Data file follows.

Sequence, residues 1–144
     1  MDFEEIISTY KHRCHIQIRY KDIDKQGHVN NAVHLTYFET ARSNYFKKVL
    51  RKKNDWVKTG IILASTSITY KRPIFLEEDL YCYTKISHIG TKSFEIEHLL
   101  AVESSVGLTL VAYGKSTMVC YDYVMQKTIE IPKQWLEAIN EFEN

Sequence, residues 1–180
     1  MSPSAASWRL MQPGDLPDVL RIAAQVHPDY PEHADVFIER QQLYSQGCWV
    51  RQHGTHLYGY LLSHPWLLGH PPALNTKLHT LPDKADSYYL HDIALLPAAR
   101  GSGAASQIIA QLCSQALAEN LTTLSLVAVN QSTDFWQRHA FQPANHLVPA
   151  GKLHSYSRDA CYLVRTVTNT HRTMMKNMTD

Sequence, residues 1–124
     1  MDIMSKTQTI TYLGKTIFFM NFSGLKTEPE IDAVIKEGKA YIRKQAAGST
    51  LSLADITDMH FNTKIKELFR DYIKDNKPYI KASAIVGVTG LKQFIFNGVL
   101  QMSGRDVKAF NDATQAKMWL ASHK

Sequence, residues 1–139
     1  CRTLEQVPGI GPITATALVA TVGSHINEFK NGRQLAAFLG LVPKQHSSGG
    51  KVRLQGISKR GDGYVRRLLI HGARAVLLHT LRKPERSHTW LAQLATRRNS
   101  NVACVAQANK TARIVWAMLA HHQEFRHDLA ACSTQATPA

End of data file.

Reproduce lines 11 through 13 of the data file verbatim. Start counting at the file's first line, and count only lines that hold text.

     1  MDIMSKTQTI TYLGKTIFFM NFSGLKTEPE IDAVIKEGKA YIRKQAAGST
    51  LSLADITDMH FNTKIKELFR DYIKDNKPYI KASAIVGVTG LKQFIFNGVL
   101  QMSGRDVKAF NDATQAKMWL ASHK